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June 21, 2009

thinking about djing tactics and set structures

Posted by dogpossum on June 21, 2009 6:21 PM in the category djing and lindy hop and other dances and music | Comments (1)

Thinking about DJing. Again.

Things I've noticed:

The less I dance, the poorer my DJing. I lose touch with what music 'works' for dancing. You can watch dancers and you can listen to music, but to really, truly know whether a song will work for dancing, you have to dance to it. I am at an obvious disadvantage here.

The less I dance, the more out of touch with tempos I become. This has manifested itself primarily in a) my determination to 'lift' tempos (which is getting a bit evangelical, I must admit), and b) my failure to properly work 'the wave', tempo-wise. I have instead been tending to sit between 150 and 170bpm, with sporadic trips up to 180 and 200 and >200 bpm. I need to remind myself that changing the average tempo a scene dances to cannot be achieved overnight or even over a few months; it can be achieved slowly, over a year and a large number of sets. It often requires parallel increases in tempos by teachers in classes. To assume that you will, single handedly 'change' a scene is also insufferably arrogant. Get over yourself.

Sitting/standing there DJing, watching the crowd, I forget that though they might actually be capable of 160bpm and higher, a room of dancers is a) mixed in experience, fitness, musical and dancing interests and energy, and b) only human. Working the wave - moving up and down tempos - is important for a number of reasons. It allows dancers to dance through or choose from a range of tempos. The fitter, younger types can dance every single song and relish the faster ones. The newer and less fit dancers can pick and choose, dropping in every second song yet still moving up and down the tempos (or even staying on the same tempos). Most importantly, this moving between tempos allows the DJ to really work the energy in the room. Though you can play an entire set on 155bpm, it will eventually feel a bit flat. The dancers mightn't pick the fact that every song's the same tempo (unless they're a DJ!), but their bodies and the general energy in the room will be affected.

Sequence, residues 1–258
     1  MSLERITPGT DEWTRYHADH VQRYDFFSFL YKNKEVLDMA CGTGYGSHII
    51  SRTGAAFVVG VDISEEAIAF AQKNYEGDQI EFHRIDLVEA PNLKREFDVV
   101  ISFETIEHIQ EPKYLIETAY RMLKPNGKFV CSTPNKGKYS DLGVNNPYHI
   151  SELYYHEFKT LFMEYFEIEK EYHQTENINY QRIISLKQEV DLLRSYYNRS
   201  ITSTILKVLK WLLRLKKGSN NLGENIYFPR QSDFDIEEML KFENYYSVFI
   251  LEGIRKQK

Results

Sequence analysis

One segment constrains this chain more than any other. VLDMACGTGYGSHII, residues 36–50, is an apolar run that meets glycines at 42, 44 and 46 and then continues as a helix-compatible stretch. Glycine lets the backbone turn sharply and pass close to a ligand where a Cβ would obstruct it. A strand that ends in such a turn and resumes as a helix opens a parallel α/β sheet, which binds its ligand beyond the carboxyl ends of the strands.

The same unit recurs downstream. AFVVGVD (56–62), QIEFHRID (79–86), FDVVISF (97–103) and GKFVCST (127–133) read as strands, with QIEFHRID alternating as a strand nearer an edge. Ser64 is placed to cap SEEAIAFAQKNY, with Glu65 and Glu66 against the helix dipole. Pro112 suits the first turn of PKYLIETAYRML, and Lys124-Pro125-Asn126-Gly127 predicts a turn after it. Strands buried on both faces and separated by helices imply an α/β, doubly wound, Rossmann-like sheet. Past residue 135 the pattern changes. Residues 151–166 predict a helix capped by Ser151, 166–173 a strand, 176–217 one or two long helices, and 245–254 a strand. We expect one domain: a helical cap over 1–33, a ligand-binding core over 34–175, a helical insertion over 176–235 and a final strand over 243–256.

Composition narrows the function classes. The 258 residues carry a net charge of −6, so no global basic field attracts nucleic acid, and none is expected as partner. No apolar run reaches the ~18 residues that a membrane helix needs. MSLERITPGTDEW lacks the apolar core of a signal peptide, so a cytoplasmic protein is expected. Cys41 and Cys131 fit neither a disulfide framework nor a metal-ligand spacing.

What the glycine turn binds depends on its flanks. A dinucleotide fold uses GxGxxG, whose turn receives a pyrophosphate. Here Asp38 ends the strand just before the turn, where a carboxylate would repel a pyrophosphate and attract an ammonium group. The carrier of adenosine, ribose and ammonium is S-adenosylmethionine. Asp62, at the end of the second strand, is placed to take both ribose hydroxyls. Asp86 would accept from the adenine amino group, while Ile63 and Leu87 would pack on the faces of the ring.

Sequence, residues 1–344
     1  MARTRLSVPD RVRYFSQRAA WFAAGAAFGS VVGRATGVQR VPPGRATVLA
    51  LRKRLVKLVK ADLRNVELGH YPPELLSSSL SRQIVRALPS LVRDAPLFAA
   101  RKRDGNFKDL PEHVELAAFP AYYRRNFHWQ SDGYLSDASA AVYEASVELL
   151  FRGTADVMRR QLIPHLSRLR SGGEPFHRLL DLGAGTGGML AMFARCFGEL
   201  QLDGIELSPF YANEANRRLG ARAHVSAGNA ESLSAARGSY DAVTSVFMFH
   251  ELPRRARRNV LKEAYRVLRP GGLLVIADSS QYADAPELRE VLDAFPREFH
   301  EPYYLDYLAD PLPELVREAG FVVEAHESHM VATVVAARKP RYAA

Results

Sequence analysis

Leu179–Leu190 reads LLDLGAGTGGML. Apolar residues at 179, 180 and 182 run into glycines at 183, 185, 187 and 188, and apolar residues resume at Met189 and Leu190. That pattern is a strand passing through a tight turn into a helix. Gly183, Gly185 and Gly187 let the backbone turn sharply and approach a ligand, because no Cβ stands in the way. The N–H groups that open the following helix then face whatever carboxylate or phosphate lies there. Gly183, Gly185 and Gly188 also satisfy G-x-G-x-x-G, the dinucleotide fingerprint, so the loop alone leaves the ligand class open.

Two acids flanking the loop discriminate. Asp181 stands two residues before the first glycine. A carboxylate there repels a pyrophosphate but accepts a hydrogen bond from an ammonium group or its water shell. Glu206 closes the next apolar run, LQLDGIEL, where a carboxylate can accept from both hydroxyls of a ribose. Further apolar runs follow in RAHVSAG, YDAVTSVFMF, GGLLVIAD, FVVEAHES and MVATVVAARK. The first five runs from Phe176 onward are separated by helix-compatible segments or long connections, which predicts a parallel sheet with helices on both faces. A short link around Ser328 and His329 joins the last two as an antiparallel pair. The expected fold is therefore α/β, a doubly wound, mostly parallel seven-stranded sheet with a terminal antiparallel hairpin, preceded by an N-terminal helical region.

The next set I do, then, I resolve to work the wave properly. I will begin at my 'floor' tempo (about 140bpm) and then move up and down - 140, 150, 160, 180, 200, 160, 140 etc. I will make the occasional abrupt change in order to work the energy in the room (eg 140, a high energy 150, 190, 160, 140, etc). I will also trust the dancers to get back up to 160; I won't be afraid to drop the tempos down, to get a low trough and then, more importantly, work our way way back up to higher tempos.

I think I also need to be careful of overplaying my new music. Just because you gots the new stuffs, don't mean you should play it all in one set. Right now I'm working on some stuff for a blooz set tonight. It's a very short set (45 minutes rather than 1.5 hours - reduced), so I have to be tactical. I can't really take a long, slow run up. I'll need to work the crowd properly from the get-go. I'm second DJ, so I do have a degree of leeway there: I'll be starting with a warm crowd. But I will have to work from where the previous DJ ends. Which I don't mind - I like having a starting place. I also like getting from something completely un-me to something typically me.
What I think I'll do (which I used to do), is get a few 'goal' songs - new or particularly interesting, or a specific style - and then put my set together (as I go of course - no pre-planned setlists here!) so as to reach these individual 'goal' songs, with each song moving smoothly between styles (or within a style) and moods. As opposed to trying to pack a set with 100% new and exciting songs. I have a feeling I'm becoming a bit of a stunt DJ, packing a set with 'riskier' songs, and not paying enough attention to my older faves or to crowd faves. This is actually a great departure from my earlier DJing, where I tended to overplay stuff to death. I am still overplaying things, but I tend to mix overplayed with brand-new-stunt songs, and, frankly, that smacks of the amateur.

I'll see how it goes and whether it's worth reporting back about.

Posted by dogpossum on June 21, 2009 6:21 PM in the category djing and lindy hop and other dances and music


Posted by: Sara at June 24, 2009 4:41 PM

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Posted by: Sara at June 24, 2009 4:41 PM

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